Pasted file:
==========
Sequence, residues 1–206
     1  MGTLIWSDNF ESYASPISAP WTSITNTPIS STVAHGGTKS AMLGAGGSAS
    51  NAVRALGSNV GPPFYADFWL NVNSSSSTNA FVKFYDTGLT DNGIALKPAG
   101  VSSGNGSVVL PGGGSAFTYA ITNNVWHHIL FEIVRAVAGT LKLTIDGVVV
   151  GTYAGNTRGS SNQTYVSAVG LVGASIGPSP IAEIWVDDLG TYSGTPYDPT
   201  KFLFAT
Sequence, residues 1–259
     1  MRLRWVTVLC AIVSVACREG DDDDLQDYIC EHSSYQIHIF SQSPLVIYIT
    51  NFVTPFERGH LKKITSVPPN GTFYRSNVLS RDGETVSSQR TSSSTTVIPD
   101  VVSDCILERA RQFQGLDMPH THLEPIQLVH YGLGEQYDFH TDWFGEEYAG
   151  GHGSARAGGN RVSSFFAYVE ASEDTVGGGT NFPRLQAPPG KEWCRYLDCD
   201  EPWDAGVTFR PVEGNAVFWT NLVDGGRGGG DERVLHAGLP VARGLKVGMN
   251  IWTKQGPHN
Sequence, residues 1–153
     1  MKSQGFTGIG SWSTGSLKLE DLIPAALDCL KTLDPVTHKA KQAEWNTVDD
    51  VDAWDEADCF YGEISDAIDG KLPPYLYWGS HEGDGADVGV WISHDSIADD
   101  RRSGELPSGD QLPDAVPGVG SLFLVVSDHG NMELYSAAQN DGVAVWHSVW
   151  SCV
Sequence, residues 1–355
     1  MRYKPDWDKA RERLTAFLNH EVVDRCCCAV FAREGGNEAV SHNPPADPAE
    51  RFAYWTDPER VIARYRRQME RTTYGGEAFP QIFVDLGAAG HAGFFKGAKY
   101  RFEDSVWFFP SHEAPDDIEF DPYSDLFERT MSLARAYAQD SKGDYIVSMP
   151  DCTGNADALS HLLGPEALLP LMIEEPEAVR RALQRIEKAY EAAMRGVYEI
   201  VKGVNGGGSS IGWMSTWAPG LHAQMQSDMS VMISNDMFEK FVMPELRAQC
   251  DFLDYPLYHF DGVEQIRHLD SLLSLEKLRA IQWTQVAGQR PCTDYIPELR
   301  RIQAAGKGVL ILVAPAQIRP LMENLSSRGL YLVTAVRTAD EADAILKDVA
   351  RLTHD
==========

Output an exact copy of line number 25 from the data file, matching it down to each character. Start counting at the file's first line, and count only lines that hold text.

   251  DFLDYPLYHF DGVEQIRHLD SLLSLEKLRA IQWTQVAGQR PCTDYIPELR